Illinois based “Simply Slices” pizza shop wants to take their show on the road. Owners Dino and Debbie Pavoni reached out to “The Profit” and Marcus Lemonis asking for help to launch their concept of a franchise drive-thru pizza shop after unsuccessfully investing $100K in franchising their business.

This family owned and operated pizza shop has 2 locations in Illinois. The Crestwood location is managed by their founder and patriarch of the family, Dino Pavoni, while the Burbank location is managed by his son, Doug Pavoni. To say that this company is complicated by family dynamics would be a grave understatement. This issue, as well as the owner’s resistance to change, immediately surfaced as hindrances to the company moving forward in its desire to move into franchising.

Because Marcus is always on the lookout for fast-casual dining experiences and their pizza had good taste, he felt the Pavoni family’s pitch had viability. The risk of taking on a fast food pizza franchise is that consumers won’t adopt the idea and therefore the concept will be unable or organically grow. Conversely, the rewards are that if you are first to market, that you have the ability to be the market leader.

Marcus decides to invest $200K in exchange for 50% of the franchise concept plus his infrastructure which is 30 people who do nothing but work on franchise concepts. Dino will keep 100% of the two operating locations. He wants to look at the name, the menu, everything in reference to the franchise concept. Dino is concerned that he will change it too much.

In his initial assessment of the business, Marcus liked that they had a mascot for their business as it gives people a visual to attach to the brand. He felt that this made the business more light and fun. Another positive of the business is that they also had established processes and recipes for everything that they would like to hand over to franchisees.

The first area of improvement that Marcus highlights is the menu. In order to guide their customer’s focus, Marcus felt they must simplify the menu so the customers understand their choices and the offering quickly. Changes to the menu could also mean increased production efficiencies. He was also concerned with how outdated the restaurant felt. Addressing these issues gave the view the first glimpse into just how uncomfortable with change owner Dino Pavoni really is.

Tensions continue to escalate throughout the remainder of the show. It is clear that not only is Dino unwilling to change, but there are deep-seeded issues between him and his son Doug who manages the Burbank location. In Doug’s contract, he can not make any changes without approval from his parents so that he doesn’t ruin the family “brand” and damage the chances of getting a franchise. Dino and Debbie have also taken issue with an employee of Doug and his wife Christine’s who was formally let go from the Crestwood location and would not come to a meeting with Marcus at the Burbank branch because of this.

While tempers are already on high-alert, Dino’s frustrations continue to rise as Marcus holds a focus group at their main Crestwood location. Marcus gives the customers a platform to give their feedback on the food and shaved ice menu as well as the pricing structure and options on the menu. It is clear at this point that there is a good chance that things are going to end very badly between Dino and Marcus as Dino has a difficult time keeping his annoyance in check.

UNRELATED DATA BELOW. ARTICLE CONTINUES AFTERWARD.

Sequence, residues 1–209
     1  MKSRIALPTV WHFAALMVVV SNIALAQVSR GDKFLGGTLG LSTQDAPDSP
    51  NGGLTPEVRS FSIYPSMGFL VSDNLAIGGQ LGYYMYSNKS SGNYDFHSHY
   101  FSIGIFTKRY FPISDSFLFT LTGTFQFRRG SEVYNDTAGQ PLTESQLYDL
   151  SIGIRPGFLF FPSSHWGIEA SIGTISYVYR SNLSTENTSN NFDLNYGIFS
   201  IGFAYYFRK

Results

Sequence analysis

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Marcus has already attempted to simplify the menu and to update equipment to speed up the ordering and cooking processes when he sets his sight on changing Dino’s sauce recipe. Marcus arranges a meeting with celebrity chef, Fabio Viviani, who specializes in the Italian food space to help Dino improve his sauce recipe and make it scalable. Marcus teaches that cheaper ingredients aren’t always better. Sometimes having a better product and getting more repeat business will make you more profitable than the money you save on lower quality ingredients. Dino decides not to show up for this meeting and Marcus is beginning to get very upset with Dino’s behavior. He takes Dino a sample of the new sauce recipe and Dino rejects it. As we see time and time and again, Dino is completely resistant to change in his business.

As a last stitch effort to get Dino to buy into the proposed changes, Marcus suggests a competition between the two branches to reimagine and design their spaces and make upgrades. When Marcus checks in to see how the competition is going, he is completely shocked to learn that Dino will not allow the kids to make changes because he doesn’t trust their judgment and that he is trying to push Doug out of the business. When Marcus addresses him about this, it’s game over for Marcus and Dino’s relationship. This episode ended by Dino’s temper taking root resulting in major conflict between Marcus and Dino. They decide to part ways and they will no longer move forward with the show or the concept.

Fans took to Twitter to vent their frustrations about how this episode played out and especially about how they felt about Dino’s character as a businessman.

“The Profit” airs every Tuesday at 10 p.m. on CNBC.

What are your thoughts on the concept of a drive-thru pizza shop? How did you feel about the way the episode ended? Let us know in the comments section below!